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eWorld was a short-lived online service of Apple Inc. It began in June of 1994 and ended in March of 1996.


On January 5, 1994, Apple announced eWorld at the 1994 Macworld and went into operation on June 20. The software was based around a "town hall" theme where each of the services branches were individual "buildings". The software was Mac-only but a Windows version was promised to appear in 1995.

The town hall metaphor made eWorld simple to access and provided users with a strong sense of community. Several Mac software and hardware companies opened up virtual forums on the service to provide customer support and general product information to subscribers. The main eWorld portal also linked up to various news services.

The two most widely used parts of eWorld were the eMail Center and Community Center. The Community Center was an online BBS where thousands of ePeople (eWorld users) congregated to chat about various subjects. The eMail Center was a virtual post office and provided most ePeople with their first ever exposure to e-mail. The service also housed support and technical documents.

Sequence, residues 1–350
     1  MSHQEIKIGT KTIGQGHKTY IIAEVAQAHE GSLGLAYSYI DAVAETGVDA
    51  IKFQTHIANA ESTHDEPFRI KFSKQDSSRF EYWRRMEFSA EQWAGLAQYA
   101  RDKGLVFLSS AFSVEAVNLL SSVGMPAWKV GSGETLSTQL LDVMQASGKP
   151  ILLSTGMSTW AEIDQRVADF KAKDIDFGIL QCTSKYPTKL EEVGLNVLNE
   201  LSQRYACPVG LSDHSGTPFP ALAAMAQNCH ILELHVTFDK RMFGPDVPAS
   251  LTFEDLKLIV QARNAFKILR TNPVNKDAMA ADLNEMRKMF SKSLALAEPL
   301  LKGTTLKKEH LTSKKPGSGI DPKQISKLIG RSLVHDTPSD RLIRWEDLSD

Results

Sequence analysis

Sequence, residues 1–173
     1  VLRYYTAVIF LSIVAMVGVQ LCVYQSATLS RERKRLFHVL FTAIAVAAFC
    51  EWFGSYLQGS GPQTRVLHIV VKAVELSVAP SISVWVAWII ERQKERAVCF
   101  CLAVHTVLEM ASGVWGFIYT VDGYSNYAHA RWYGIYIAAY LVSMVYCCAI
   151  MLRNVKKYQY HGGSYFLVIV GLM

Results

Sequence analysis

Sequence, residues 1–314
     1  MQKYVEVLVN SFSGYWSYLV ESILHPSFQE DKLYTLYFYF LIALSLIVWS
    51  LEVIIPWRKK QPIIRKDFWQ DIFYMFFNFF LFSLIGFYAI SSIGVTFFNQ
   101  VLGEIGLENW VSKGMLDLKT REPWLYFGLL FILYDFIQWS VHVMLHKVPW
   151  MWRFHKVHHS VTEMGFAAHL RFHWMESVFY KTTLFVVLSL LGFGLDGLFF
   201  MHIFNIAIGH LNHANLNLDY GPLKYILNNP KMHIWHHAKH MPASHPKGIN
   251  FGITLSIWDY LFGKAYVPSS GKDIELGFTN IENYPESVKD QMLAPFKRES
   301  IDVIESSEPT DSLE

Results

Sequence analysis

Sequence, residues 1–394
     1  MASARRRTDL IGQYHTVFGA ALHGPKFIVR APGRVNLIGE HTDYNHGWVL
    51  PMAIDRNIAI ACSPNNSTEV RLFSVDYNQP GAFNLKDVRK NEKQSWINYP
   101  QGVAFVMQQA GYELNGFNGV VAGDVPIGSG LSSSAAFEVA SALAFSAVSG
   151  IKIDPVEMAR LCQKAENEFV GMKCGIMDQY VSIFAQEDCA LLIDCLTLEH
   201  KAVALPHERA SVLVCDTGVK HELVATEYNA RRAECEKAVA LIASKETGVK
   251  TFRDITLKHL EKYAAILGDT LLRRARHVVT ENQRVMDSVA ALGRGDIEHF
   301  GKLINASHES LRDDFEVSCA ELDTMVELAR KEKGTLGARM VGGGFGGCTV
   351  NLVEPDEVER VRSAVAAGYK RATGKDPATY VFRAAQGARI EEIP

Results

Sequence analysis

Due to the end of the online service-era, Apple shut down eWorld on March 31, 1996 at 12:01 am. Apple's management decided that the product was doomed to fail in a market where America Online (AOL) had such a commanding lead. The company was also trying desperately to cut costs anywhere possible. Remaining eWorld subscribers were offered incentives to switch to AOL.

The eWorld and AppleLink technical support archives were moved to Apple's website. When Apple's Online Services Group was disbanded, many of its staff members left Apple. Peter Friedman eventually formed chat community website TalkCity with Chris Christensen and Jenna Woodul. Scott Converse became a senior executive at Paramount Pictures Digital Entertainment Division. James Isaacs joined Danger Inc. (acquired by Microsoft in 2008). Richard Gingras and Jonathan Rosenberg joined the newly formed broadband access venture @Home Network.[1]

In March 2020, AppleFritter opened a BBS that is an homage to the eWorld service.[2]


  1. LeFebvre, Rob (2013-06-20). 19 Years Later, eWorld Is Dead; Long Live eWorld 1. Cult of Mac. Retrieved on 2013-07-31.
  2. Welcome to Applefritter BBS! by Tom Owad, Applefritter. 2020-03-23.

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